CALGARY, ALBERTA–(Marketwired – June 13, 2013) – Key energy and environmental policymakers in U.S. President Barack Obama’s second-term cabinet are likely to pursue an agenda that hinders Canada’s plans to greatly increase energy production and exports, argues a new study from the Fraser Institute, an independent, non-partisan Canadian public policy think-tank.
“Obama’s new ‘Green Team’ is expected to maintain the policy playbook from the President’s first term: pushing for more aggressive environmental regulations, faster expansion of the renewable energy sector, and heavier regulations on natural gas production via fracking,” said Kenneth P. Green, Fraser Institute senior director of natural resources and co-author of Obama’s Green Team 2.0: Implications for Canadian Energy and Environmental Policy.
“Because the U.S. consumes virtually all of Canada’s energy exports, such policies are a blow to Canada’s energy export ambitions, including the Keystone XL pipeline.”
Obama’s Green Team 2.0 profiles the newly installed cabinet officials and agency leaders who will set energy and environmental policy for the president’s second term: John Kerry (Secretary of State), Sally Jewell (Secretary of the Interior), Ernest Moniz (Secretary of Energy), and Gina McCarthy (Administrator of the EPA, to be confirmed shortly). All individuals profiled have a strong record of pursuing energy programs that favour increasingly stringent environmental standards plus wind and solar over conventional energy development.
The report argues that because of the tradition of harmonizing U.S. and Canadian environmental policies, the positions of the ‘Green Team’ on three core issues (climate change, green energy, and fracking) will likely have a direct impact on Canada.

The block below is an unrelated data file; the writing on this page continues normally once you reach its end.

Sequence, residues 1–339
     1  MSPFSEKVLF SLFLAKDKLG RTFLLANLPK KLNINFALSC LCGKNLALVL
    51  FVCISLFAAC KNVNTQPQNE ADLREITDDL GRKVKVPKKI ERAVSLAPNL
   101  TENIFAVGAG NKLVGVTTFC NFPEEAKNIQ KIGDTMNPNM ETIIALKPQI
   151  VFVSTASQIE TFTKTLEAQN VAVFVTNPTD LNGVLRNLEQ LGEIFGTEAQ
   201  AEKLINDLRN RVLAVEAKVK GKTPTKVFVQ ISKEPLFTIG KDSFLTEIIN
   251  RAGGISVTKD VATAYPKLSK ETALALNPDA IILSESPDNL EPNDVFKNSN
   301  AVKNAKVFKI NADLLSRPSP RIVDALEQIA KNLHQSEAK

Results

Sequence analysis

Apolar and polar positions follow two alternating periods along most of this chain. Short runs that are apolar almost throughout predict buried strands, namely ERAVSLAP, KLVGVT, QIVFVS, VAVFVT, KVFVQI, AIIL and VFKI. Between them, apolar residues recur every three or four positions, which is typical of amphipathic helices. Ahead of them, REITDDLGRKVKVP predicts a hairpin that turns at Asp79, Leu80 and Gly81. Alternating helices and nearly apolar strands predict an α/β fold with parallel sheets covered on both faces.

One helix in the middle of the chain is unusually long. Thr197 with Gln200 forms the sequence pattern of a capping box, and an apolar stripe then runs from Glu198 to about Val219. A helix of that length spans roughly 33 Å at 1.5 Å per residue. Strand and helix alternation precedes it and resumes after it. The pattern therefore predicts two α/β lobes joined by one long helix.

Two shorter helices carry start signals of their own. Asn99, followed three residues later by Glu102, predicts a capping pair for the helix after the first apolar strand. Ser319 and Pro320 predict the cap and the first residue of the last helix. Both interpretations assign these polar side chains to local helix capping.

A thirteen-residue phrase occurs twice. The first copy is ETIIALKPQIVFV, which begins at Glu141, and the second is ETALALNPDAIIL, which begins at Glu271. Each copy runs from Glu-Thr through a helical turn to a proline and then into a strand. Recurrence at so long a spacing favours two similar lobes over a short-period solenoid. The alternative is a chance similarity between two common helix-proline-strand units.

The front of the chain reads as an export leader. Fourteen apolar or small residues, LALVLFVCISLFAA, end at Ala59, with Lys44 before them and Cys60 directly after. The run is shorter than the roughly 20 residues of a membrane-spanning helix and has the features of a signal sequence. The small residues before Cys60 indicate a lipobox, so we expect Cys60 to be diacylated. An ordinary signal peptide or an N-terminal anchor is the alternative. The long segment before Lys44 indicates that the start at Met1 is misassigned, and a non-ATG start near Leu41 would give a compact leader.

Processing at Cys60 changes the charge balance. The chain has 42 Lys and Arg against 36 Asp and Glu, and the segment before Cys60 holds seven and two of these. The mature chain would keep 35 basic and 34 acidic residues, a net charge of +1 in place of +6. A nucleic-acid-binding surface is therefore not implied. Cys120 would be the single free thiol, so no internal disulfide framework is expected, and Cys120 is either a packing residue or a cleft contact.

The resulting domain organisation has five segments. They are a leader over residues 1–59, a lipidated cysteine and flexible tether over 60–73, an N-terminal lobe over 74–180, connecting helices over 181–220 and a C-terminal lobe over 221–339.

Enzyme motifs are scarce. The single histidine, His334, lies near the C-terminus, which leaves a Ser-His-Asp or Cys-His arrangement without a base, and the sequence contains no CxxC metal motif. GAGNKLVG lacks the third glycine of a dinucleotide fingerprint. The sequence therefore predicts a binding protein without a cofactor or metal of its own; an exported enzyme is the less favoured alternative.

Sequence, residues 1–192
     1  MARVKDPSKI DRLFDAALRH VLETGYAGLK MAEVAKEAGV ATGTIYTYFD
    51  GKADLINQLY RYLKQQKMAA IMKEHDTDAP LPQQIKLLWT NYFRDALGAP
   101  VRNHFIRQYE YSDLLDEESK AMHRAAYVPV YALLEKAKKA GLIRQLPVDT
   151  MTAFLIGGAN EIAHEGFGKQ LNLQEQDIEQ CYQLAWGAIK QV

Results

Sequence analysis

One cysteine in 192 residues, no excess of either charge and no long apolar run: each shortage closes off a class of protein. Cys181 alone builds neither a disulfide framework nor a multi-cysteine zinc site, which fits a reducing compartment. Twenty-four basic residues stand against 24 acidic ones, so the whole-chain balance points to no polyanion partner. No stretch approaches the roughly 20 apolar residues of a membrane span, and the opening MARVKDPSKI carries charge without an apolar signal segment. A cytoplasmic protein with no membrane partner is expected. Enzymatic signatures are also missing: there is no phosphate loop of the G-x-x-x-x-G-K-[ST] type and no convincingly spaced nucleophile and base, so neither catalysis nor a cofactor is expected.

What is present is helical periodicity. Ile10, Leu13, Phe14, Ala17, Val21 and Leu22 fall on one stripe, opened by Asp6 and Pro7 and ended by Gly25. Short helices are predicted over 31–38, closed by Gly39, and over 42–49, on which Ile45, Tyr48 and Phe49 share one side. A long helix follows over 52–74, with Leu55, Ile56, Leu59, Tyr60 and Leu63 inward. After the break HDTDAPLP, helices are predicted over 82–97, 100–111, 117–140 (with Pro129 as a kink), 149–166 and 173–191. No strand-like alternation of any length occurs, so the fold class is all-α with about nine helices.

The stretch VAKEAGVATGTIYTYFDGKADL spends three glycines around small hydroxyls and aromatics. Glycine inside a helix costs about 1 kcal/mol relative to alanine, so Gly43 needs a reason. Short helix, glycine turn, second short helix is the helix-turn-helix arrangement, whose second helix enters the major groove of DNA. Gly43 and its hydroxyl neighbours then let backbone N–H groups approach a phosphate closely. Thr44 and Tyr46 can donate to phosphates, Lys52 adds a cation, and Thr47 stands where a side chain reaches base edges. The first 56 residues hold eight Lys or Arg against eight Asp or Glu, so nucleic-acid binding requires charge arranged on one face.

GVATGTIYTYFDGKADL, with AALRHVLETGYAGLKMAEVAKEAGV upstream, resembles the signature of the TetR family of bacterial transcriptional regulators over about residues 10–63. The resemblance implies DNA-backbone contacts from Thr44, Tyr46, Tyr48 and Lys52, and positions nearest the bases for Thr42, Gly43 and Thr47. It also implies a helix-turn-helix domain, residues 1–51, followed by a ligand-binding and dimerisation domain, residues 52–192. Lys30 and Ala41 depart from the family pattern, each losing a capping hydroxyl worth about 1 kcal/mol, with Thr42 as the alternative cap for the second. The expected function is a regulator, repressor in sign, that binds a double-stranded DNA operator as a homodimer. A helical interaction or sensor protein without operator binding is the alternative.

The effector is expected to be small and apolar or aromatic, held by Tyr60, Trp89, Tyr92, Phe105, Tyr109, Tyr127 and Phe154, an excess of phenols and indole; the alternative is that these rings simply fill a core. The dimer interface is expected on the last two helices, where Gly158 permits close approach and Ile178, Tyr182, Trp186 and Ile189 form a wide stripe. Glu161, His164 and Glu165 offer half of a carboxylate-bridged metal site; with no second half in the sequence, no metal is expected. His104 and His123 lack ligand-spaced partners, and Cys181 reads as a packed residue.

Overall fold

“Should the United States move ahead on highly restrictive environmental regulations, Canada’s energy producers could find themselves facing new hurdles, as Canada has a policy of harmonizing environmental regulations with the U.S. through NAFTA,” Green said.
However, an even bigger risk to increasing Canada’s energy exports to the United States could result from the massive boom in U.S. oil and gas production, reducing America’s appetite for Canadian oil.
“U.S.-based environmental groups are already using the energy self-sufficiency argument to campaign against increasing Canadian access to American markets via the Keystone XL pipeline,” Green said.
The Fraser Institute is an independent Canadian public policy research and educational organization with offices in Vancouver, Calgary, Toronto, and Montreal and ties to a global network of 86 think-tanks. Its mission is to measure, study, and communicate the impact of competitive markets and government intervention on the welfare of individuals. To protect the Institute’s independence, it does not accept grants from governments or contracts for research. Visit www.fraserinstitute.org.